Twitter Bans Automated And Bulk Following In Controversial TOS Update

Yesterday Twitter published changes that have been made to their Developer Rules Of The Road, which outlines best policies, practices and philosophy for third party development and innovation on the Twitter platform.

One very notable update: automated following or bulk following through third-party apps is now prohibited.

Auto-following and the entire “I follow back” brigade has, in this author’s opinion, always been a bad idea and rarely leads to an engaged and relevant Twitter network, but lots of folks still like to do it. Indeed, many feel that reciprocal following is the polite way to use Twitter, and employ third party apps to take care of this for them. Hence, this new update, if enforced by Twitter – and they usually are – is going to ruffle a lot of feathers.

Twitter developer Sylvain Carle has outlined the changes in his blog post, which also includes some relaxation on how developers can display tweets in their apps.

Today we are publishing some changes for our Developer Rules of the Road and Developer Display Requirements. The main goal behind these changes is to better clarify our guidelines for using our API and other platform tools, based on your feedback and comments.

For example: we relaxed some display requirements around author’s name, timestamps and permalinks; we clarified that the “no commingling” term doesn’t apply to manually curated streams; and, we now require developers to disclose their privacy policies before people download, install or sign up for a service. We have also clarified some restrictions: hosting datasets of raw Tweets for download is prohibited, and automated following or bulk following is also prohibited.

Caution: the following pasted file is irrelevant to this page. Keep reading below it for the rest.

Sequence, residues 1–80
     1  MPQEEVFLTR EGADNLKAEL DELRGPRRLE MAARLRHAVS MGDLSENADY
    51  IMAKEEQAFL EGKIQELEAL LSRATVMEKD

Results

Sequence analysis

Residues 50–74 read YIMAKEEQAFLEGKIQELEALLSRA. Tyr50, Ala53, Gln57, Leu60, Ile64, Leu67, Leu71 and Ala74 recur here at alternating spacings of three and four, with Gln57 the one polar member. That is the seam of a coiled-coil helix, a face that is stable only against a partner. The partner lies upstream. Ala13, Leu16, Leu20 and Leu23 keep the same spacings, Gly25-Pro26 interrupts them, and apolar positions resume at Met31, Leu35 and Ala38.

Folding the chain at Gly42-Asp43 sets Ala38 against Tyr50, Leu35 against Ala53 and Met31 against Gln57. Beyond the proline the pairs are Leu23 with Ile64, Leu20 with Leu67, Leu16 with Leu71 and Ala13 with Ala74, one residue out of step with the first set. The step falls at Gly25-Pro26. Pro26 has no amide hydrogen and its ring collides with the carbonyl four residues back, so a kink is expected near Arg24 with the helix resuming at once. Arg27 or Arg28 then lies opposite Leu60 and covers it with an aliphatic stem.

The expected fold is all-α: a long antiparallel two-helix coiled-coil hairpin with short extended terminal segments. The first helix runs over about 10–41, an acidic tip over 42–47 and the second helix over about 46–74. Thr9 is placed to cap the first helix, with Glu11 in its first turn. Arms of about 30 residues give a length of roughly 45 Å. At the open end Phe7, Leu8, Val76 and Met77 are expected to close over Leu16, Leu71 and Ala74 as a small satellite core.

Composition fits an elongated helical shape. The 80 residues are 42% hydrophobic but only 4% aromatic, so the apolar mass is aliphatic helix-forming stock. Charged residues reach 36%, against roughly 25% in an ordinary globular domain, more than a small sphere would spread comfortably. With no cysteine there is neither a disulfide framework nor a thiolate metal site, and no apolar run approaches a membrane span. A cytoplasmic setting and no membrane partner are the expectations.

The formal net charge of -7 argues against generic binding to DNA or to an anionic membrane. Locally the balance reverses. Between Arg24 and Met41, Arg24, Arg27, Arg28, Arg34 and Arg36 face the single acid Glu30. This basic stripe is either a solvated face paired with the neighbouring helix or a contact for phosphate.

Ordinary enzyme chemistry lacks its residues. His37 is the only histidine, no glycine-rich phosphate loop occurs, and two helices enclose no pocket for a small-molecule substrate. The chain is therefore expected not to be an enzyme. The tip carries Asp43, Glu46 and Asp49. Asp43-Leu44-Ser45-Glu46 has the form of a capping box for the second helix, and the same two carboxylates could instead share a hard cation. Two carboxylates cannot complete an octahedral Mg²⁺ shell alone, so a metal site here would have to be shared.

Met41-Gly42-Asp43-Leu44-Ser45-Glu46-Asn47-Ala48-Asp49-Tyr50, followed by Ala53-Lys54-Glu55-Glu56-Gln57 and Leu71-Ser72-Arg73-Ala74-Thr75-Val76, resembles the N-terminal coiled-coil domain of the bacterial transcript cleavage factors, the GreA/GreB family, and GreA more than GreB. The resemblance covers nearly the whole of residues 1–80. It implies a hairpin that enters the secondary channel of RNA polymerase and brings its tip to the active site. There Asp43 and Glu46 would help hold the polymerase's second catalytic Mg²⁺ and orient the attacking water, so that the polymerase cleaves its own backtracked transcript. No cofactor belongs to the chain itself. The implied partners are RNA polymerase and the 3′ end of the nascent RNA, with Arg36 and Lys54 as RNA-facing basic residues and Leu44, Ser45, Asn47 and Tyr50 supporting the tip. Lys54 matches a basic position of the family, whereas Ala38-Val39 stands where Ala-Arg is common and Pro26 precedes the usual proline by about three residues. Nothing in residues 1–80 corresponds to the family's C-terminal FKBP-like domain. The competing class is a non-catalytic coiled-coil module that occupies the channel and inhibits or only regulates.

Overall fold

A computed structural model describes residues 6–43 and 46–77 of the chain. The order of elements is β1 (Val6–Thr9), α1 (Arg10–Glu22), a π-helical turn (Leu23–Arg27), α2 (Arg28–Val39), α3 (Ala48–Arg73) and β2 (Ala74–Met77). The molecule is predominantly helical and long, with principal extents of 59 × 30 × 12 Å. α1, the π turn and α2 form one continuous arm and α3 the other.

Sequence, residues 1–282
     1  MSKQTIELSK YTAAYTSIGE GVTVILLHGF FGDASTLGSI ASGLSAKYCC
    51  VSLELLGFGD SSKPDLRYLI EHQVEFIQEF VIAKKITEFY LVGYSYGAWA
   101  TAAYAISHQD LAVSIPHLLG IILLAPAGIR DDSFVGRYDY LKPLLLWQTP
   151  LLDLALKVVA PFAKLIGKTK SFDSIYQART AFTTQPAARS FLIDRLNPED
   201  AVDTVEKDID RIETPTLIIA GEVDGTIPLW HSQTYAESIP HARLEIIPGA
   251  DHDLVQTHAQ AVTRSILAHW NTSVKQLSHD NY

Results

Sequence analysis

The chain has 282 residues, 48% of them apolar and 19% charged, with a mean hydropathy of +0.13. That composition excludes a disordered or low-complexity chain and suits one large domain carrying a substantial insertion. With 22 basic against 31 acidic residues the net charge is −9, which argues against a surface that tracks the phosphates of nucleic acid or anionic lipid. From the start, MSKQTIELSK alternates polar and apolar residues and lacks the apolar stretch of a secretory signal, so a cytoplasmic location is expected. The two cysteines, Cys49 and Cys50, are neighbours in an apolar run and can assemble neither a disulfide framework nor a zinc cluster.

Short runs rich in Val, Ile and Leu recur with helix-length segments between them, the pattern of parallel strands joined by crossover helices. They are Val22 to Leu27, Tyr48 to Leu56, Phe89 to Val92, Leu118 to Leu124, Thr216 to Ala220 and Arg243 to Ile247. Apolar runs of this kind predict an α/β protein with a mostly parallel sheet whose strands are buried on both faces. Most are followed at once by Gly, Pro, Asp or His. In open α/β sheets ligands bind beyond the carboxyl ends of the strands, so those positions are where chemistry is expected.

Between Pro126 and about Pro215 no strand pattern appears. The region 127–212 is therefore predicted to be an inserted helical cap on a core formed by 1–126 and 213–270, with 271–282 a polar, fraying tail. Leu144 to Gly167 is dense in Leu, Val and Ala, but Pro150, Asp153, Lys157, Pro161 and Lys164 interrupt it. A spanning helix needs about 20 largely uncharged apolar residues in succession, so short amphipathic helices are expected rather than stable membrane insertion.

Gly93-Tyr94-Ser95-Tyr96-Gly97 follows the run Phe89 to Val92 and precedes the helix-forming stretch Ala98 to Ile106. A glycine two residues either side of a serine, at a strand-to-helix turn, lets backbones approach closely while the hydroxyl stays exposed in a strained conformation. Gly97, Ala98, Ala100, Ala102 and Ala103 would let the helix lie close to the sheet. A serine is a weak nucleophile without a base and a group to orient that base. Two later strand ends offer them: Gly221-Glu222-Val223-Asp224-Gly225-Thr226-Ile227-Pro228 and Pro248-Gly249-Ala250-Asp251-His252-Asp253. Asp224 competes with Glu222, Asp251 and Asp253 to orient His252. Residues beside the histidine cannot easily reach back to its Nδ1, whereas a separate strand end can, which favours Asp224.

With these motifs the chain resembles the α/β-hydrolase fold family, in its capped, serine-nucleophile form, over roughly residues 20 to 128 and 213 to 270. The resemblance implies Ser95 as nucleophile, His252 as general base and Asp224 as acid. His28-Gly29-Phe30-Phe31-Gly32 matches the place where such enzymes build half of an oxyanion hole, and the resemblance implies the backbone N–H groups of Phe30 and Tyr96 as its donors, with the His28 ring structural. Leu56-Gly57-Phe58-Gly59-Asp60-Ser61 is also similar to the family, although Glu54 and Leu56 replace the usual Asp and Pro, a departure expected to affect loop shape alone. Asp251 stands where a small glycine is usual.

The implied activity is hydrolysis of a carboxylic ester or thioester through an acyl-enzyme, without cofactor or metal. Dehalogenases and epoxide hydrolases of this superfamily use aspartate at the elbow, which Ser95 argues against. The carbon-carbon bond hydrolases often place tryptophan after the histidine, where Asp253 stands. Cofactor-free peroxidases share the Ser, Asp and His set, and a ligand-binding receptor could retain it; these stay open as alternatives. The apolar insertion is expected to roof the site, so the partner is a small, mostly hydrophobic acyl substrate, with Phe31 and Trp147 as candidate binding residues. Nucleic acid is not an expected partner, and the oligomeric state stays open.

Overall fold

When pushed, Carle clarified that Twitter is most concerned about aggressive following practices through apps, as per their terms, outlined below:

“Aggressive following is defined as indiscriminately following hundreds of accounts just to garner attention. However, following a few users if their accounts seem interesting is normal and is not considered aggressive.”

Personally I’m 100% behind this update as both auto-following and especially bulk following are, in my opinion, very good examples of the wrong way to “do” Twitter (if such a thing really exists). But I accept that for many users this is both normal and something that they actively use, so this is certainly going to be unpopular with a percentage of users.

Still, if Twitter can run with this momentum and also ban automated direct messages and work a lot harder on their spam filter to further tackle those pesky bots, this will all be a very proactive move forward. Right?

(Source: Twitter Developer blog.)